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Coda for Terrie




“Miss? Hello, miss? Are you all right? Can you hear me?”

I tapped on the driver’s side window. She was slumped over the wheel, parked in a space with the engine running outside our apartments. I recognized her as a downstairs neighbor, but we had never spoken. Rain pelted me and I felt a twinge of fear.

As I reached for the door handle, she stirred, woozy. She had fallen asleep. That was how Terrie and I met, years ago. I didn’t know it at the time, but she was ill and slowly getting worse. As the weeks and months passed, we would see each other occasionally, smile and make small talk.

She was only a little younger than I, a wisp of a woman, and her frailty concerned me. During the cold months, she would seem to disappear, only to emerge in warmer weather to sunbathe on a lounge chair. Eventually I learned that she was too weak to hold a job, and lived alone with only an indifferent sister somewhere in town for family.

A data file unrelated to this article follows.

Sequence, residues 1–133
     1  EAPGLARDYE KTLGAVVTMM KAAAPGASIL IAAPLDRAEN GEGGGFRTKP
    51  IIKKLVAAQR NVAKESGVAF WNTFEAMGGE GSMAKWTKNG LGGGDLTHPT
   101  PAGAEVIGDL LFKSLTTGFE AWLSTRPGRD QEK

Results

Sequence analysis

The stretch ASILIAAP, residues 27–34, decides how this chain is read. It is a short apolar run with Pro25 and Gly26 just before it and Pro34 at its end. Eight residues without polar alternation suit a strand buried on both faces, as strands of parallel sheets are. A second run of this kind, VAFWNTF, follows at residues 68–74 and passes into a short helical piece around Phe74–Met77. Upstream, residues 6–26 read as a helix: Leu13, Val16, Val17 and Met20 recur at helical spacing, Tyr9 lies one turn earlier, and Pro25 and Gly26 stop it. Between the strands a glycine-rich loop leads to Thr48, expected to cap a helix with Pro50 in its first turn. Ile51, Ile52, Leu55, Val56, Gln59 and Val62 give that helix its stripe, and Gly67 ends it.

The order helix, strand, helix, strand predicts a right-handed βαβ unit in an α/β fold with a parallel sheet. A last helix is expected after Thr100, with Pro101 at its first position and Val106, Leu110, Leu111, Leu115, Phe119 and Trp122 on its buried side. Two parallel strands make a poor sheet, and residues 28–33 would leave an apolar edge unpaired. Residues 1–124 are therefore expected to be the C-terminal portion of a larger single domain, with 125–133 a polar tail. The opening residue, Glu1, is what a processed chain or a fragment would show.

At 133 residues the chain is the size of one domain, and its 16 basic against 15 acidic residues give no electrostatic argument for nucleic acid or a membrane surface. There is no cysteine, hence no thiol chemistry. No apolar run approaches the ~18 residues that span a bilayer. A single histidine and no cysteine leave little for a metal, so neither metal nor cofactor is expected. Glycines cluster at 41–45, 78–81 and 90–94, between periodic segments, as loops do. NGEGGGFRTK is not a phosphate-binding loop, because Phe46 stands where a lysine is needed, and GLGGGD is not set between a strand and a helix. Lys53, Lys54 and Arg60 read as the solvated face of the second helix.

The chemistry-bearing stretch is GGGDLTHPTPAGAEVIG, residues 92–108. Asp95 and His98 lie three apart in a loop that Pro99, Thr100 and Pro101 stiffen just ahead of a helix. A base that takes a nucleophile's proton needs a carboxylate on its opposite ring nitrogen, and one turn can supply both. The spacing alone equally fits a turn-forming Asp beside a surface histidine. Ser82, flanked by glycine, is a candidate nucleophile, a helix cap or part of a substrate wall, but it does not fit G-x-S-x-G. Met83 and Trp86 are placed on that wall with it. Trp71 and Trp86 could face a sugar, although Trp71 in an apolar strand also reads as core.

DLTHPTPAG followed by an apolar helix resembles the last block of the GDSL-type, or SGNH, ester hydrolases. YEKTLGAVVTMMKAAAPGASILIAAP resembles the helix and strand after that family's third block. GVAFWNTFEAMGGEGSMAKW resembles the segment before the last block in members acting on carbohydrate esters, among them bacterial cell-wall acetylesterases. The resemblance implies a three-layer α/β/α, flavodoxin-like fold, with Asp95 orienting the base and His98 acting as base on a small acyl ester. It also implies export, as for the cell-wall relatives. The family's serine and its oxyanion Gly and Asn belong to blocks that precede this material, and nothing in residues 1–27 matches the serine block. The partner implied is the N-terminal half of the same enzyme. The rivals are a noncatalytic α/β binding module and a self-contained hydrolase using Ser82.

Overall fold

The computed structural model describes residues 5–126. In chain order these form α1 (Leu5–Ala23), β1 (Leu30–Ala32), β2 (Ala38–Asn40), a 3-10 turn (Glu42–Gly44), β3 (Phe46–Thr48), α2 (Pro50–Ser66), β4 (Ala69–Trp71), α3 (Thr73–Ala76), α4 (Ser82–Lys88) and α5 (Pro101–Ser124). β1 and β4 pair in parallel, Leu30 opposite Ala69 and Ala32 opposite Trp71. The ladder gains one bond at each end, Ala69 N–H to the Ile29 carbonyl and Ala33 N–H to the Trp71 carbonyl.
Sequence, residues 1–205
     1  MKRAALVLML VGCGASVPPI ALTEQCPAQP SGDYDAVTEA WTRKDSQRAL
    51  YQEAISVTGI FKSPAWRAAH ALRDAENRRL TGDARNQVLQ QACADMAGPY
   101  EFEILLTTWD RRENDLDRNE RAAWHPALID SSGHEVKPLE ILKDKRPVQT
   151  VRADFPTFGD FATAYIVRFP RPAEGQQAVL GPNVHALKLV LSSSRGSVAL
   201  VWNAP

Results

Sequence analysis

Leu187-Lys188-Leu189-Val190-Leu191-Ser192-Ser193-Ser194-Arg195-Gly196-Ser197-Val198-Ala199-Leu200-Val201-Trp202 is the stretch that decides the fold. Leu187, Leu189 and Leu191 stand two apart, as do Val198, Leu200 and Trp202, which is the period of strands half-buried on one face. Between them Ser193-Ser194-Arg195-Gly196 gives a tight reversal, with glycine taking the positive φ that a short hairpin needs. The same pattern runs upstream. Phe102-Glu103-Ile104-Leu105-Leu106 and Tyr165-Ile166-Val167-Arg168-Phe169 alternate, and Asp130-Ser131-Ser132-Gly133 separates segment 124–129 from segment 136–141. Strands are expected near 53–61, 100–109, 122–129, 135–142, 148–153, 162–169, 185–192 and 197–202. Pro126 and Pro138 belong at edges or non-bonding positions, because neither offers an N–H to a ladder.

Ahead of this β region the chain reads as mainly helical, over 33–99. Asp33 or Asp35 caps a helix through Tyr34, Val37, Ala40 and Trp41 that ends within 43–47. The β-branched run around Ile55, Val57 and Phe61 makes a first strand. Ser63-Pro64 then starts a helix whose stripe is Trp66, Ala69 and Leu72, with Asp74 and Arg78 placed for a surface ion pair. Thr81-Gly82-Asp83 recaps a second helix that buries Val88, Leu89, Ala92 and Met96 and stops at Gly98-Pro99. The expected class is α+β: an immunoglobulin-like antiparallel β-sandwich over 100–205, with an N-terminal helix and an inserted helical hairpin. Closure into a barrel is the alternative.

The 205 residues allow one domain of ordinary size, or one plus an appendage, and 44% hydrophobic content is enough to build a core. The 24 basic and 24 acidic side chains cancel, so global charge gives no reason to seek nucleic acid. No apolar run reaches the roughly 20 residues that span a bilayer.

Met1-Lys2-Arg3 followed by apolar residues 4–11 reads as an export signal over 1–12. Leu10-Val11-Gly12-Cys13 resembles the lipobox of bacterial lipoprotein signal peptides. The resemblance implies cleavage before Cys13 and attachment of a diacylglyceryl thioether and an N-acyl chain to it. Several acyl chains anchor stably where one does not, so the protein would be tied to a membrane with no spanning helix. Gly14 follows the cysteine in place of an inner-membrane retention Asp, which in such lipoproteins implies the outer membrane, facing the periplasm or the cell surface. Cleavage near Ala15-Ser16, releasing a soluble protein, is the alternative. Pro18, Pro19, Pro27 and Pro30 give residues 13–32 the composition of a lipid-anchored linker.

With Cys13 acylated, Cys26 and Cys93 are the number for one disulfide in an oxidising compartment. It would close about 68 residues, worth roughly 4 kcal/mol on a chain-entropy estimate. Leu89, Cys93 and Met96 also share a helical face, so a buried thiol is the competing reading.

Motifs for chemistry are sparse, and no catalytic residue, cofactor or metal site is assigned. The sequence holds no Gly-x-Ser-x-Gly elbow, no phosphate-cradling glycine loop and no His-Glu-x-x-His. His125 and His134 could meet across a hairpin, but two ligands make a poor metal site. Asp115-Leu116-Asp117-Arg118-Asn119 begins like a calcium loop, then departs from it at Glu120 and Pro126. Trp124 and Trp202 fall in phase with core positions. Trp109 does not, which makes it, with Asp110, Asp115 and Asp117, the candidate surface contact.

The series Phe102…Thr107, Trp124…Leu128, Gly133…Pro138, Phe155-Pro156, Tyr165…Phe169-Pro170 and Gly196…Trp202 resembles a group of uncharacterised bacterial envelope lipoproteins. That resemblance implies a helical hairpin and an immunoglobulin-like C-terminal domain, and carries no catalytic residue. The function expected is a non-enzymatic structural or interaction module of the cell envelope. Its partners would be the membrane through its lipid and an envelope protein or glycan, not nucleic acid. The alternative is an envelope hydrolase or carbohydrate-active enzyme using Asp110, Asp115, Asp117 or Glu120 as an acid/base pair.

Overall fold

She invited me over to watch TV in her ground floor apartment. It seemed too much to ask her to hike up to the third floor where I lived. We laughed over schlocky sitcoms and sighed at romantic old movies. Once I took my guitar with me to strum a little for her. The situation came into focus: doctors, hospitals, bills, cancer. Terrie was a trooper, but it was clear that the prognosis was grim.

One night I found myself alone at an Applebee’s preparing to order a nice dinner. I thought of Terrie and the bleak cavern of Ensure that was her refrigerator. I asked the waiter to duplicate my order for a steak dinner, dessert and all, and box it to go.

Terrie answered my knock on her door in her pajamas. “For you,” I said, extending the bags. “For just one night, eat what you want.” She was overjoyed. I left her in disbelief and tears.

A few months later, I moved out of the apartments. I had scarcely unpacked the boxes in my new home when the phone rang. It was Terrie’s sister. “She left a note asking me to call you,” she said, and hung up, leaving me in disbelief and tears.

The memories linger. Now I hold in my hands a new Cordoba. Her name will be Terrie, for a friend who suffered so alone for so long. Peace be with you, sweetheart. Your namesake looks and sounds beautiful, and makes me smile, like you.

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Diane, you are a kind person with a beautiful heart. This is a great lesson for all of us, that regardless of our situation in life, we could be a little kinder to others.


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